Reporting Anna Duckworth
BERKELEY (KCBS) – Study findings by three UC Berkeley researchers, published in the journal Science, suggest there is a connection between even minor changes in temperature or rainfall amounts and increased conflict around the world.
The researchers hope the results can be used to help future generations adapt to global warming.
The trio analyzed 60 events over the course of history, considering droughts, the end of ancient civilizations, and many modern era incidents. They analyzed wars, crime statistics and even road rage data.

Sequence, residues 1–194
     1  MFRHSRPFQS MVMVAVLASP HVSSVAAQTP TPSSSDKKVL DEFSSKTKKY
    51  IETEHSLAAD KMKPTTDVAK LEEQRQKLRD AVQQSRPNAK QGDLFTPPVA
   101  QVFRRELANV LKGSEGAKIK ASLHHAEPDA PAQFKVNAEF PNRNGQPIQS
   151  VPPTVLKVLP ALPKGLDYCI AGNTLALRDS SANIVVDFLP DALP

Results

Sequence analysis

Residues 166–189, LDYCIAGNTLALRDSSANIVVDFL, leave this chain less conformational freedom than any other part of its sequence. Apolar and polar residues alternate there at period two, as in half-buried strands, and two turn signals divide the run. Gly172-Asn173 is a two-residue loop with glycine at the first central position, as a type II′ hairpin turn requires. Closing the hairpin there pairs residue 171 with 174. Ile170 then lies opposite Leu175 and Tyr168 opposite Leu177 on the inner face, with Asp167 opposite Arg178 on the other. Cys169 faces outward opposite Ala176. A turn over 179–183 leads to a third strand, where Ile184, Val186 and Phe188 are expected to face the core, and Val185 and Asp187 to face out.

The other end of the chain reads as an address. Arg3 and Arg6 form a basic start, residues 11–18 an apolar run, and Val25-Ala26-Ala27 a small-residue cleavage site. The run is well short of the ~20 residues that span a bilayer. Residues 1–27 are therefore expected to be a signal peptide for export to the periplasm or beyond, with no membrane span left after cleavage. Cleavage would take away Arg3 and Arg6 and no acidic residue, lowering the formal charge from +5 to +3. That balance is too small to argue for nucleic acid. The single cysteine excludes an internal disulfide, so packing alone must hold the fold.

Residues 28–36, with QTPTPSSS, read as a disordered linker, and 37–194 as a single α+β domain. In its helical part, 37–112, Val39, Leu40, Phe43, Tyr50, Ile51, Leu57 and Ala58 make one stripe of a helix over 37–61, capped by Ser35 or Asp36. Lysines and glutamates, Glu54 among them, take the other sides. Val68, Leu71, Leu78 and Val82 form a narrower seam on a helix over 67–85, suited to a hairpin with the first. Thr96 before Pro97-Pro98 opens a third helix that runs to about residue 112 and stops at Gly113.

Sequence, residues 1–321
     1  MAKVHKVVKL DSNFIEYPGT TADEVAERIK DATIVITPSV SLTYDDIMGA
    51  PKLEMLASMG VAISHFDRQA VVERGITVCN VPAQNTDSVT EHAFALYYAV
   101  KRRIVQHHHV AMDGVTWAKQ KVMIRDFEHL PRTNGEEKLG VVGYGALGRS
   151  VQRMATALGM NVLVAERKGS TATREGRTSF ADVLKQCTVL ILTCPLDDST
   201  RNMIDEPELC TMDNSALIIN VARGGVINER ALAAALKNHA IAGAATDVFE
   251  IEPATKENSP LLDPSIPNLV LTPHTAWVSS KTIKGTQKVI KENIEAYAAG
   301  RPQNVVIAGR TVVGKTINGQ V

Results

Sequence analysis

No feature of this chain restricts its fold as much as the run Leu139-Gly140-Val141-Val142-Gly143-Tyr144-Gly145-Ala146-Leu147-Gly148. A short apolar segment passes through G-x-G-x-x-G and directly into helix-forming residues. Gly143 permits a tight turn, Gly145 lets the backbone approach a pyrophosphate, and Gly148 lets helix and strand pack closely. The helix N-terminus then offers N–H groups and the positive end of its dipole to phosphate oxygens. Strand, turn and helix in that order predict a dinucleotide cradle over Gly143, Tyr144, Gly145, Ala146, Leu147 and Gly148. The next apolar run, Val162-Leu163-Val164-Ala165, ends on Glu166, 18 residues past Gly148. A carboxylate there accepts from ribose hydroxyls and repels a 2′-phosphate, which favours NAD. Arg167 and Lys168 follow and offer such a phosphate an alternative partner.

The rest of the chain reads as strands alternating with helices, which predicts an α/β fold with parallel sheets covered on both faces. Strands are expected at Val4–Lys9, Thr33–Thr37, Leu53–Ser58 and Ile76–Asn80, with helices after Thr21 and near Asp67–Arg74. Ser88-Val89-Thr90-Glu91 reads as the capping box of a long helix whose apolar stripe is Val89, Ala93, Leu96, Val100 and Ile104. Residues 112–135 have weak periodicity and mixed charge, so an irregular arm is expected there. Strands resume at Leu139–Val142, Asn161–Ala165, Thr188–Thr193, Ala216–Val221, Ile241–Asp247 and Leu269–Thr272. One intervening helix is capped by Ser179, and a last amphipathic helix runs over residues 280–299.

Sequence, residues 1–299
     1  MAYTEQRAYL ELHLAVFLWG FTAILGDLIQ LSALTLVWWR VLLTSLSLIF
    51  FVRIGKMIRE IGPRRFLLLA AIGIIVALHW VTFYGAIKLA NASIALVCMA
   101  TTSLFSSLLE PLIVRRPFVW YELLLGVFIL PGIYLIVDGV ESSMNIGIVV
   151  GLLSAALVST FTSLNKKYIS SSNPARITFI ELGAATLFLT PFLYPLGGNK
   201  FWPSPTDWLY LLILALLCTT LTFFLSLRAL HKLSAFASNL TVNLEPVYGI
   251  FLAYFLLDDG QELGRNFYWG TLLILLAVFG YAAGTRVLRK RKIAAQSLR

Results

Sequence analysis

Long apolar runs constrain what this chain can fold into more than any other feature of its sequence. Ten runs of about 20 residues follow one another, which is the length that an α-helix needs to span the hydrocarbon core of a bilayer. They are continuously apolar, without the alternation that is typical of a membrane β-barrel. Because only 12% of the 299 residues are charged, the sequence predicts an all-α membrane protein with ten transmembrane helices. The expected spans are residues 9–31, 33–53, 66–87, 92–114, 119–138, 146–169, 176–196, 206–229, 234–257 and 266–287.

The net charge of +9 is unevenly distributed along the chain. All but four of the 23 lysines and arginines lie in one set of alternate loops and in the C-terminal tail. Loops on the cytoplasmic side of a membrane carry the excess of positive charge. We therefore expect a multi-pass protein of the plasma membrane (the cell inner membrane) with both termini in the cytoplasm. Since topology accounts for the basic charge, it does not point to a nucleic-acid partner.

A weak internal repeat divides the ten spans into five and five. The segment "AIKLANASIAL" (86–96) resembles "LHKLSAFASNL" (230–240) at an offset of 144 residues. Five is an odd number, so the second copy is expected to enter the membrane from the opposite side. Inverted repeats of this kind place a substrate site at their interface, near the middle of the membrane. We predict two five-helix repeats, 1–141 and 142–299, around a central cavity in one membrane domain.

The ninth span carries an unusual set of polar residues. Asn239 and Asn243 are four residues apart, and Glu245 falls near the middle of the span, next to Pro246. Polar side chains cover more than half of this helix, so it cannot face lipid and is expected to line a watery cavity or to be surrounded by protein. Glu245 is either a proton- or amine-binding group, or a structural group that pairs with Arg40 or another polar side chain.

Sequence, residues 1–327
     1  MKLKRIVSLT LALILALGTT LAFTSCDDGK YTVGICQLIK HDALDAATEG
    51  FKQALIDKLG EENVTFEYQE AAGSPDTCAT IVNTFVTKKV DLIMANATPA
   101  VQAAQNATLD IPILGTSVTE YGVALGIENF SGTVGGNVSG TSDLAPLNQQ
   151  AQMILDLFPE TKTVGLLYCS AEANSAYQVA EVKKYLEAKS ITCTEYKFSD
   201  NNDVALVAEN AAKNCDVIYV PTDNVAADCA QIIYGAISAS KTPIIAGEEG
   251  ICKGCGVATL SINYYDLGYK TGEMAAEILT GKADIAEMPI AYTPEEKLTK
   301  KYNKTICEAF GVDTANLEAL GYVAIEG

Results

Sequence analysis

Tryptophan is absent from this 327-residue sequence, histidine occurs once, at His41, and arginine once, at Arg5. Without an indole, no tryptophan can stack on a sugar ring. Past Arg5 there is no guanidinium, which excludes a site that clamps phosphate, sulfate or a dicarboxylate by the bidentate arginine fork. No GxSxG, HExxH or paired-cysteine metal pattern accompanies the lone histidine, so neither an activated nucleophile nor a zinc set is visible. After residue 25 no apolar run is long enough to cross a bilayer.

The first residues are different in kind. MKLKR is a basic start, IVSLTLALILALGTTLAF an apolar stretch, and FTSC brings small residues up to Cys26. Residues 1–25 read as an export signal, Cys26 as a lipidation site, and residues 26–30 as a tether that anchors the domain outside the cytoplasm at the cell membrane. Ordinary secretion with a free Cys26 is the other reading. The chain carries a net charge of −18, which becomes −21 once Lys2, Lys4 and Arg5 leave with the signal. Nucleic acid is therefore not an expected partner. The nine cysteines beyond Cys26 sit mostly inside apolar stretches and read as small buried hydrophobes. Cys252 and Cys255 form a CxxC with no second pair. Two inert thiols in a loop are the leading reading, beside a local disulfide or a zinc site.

“Small deviations from normal temperatures and normal rainfall lead to pretty large increases in a variety of types of human conflict,” explained research Marshall Burke. “And we find this holds true across many different regions of the world.”
He described these the strongest recent findings, in terms of studying the role that climate plays in society and human behavior.
“What our findings suggest is that we need to think really hard about how to invest in future adaptation. If we don’t do anything, our findings suggest the effects of climate change could be very large on human conflict. Violence could increase substantially in many parts of the world,” he said.
Based on the data, Burke said he and his colleagues concluded war and civil unrest could increase more than 50% by 2050 and cases of interpersonal violence could increase as much as 16%.
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